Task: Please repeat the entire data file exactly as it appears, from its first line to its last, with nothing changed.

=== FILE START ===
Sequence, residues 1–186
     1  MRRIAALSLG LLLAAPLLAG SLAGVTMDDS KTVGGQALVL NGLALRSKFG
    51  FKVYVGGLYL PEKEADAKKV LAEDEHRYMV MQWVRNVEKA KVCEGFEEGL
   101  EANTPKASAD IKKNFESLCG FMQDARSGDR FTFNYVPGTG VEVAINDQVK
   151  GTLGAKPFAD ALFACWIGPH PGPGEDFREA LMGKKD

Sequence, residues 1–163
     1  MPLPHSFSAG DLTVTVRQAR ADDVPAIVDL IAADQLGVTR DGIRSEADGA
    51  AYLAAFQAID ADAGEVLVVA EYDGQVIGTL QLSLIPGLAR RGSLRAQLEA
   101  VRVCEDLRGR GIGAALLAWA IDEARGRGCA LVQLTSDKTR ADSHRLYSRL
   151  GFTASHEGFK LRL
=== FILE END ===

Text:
Sequence, residues 1–186
     1  MRRIAALSLG LLLAAPLLAG SLAGVTMDDS KTVGGQALVL NGLALRSKFG
    51  FKVYVGGLYL PEKEADAKKV LAEDEHRYMV MQWVRNVEKA KVCEGFEEGL
   101  EANTPKASAD IKKNFESLCG FMQDARSGDR FTFNYVPGTG VEVAINDQVK
   151  GTLGAKPFAD ALFACWIGPH PGPGEDFREA LMGKKD

Sequence, residues 1–163
     1  MPLPHSFSAG DLTVTVRQAR ADDVPAIVDL IAADQLGVTR DGIRSEADGA
    51  AYLAAFQAID ADAGEVLVVA EYDGQVIGTL QLSLIPGLAR RGSLRAQLEA
   101  VRVCEDLRGR GIGAALLAWA IDEARGRGCA LVQLTSDKTR ADSHRLYSRL
   151  GFTASHEGFK LRL